Other Options: Geno Smith, Cardale Jones, Nic Shimonek

Running Backs

RB Melvin Gordon – For the first time in his career, Gordon played 16 games. He finished with a career-high 344 touches for 1,560 combined yards with 12 TDs and 58 catches. As great as his season looked, the Chargers gave a piece of his pie to Austin Ekeler mid-season leading to some lost TDs (5) and catches (27). In the end, Melvin may have lost about ten percent of his potential opportunity to Ekeler. With same RB structure in LA, Gordon will again have a slight thorn in his side thus creating a step back in draft value. Melvin has the talent to be an elite three-down back, and he did play through some injuries last year. Gordon needs the Chargers’ offensive line to be much better in run blocking (3.8 yards per rush in 2017). LA should move closer to league average running the ball this year, and I do expect better play on the offensive line. Melvin has never gained over 3.9 yards per carry for a season in his three years in the NFL. Possible 350+ touches for 1,600+ yards with double-digit TDs and 50+ catches. Nice steady RB1 who can’t match the explosiveness of the top RBs in the game over a full season.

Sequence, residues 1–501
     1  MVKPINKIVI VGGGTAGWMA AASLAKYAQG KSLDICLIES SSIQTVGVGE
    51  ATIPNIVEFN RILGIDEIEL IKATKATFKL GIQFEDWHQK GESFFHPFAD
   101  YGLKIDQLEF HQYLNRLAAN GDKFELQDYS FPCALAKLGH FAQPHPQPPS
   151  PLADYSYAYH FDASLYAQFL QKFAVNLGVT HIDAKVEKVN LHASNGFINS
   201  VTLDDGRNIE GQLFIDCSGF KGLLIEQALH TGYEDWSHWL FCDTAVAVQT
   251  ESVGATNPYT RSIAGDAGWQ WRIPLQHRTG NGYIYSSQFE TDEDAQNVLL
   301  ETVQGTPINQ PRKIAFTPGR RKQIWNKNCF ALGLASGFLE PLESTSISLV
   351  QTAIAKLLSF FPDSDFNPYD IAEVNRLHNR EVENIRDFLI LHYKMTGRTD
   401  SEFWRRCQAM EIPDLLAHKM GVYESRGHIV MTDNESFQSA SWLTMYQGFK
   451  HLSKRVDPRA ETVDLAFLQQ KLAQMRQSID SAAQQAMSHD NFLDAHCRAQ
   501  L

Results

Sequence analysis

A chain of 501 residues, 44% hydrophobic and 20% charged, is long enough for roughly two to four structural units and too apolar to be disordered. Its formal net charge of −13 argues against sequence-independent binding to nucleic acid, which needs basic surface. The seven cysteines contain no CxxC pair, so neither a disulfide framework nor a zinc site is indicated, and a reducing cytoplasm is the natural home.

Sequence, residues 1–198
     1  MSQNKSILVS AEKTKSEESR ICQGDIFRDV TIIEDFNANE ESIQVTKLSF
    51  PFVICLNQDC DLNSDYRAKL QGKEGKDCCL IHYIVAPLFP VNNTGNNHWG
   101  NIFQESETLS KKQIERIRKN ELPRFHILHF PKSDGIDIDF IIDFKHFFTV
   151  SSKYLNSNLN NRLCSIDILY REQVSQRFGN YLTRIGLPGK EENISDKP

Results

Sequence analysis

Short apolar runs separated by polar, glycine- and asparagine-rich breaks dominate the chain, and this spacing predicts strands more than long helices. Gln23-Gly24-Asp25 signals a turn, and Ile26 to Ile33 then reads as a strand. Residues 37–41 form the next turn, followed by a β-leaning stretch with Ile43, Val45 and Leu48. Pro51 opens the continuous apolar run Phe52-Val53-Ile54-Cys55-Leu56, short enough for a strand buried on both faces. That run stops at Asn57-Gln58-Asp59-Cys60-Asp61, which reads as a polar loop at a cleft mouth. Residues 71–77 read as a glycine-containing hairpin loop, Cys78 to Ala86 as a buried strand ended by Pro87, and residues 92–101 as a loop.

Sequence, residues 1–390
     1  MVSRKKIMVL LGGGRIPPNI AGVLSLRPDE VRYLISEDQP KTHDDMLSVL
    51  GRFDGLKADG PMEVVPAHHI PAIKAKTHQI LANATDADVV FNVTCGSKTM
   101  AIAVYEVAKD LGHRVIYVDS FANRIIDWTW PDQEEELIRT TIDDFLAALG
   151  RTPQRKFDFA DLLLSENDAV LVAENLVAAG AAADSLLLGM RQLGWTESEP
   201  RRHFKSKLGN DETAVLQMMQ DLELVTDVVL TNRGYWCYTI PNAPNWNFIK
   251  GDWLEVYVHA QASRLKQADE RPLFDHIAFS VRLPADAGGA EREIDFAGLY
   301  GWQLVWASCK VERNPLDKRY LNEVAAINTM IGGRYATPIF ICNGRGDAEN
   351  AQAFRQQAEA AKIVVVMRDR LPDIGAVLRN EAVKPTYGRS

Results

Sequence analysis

RB Austin Ekeler – In his rookie season in the NFL after not getting drafted, Ekeler finished with 539 combined yards with five TDs and 27 catches. Over the first three weeks of the season, Austin only had three catches for 24 yards. The Chargers didn’t give him a touch in Week 16 or Week 17. His best game came in Week 10 vs. the Jaguars (119 combined yards with two TDs and five catches). From Week 7 to Week 13 covering six games, Ekeler averaged 8.7 touches per game. Over four seasons at Western State, Austin rushed for 4,957 yards with 63 combined TDs plus 115 catches for another 1,215 yards. Ekeler is the top handcuff for Melvin Gordon heading into 2018.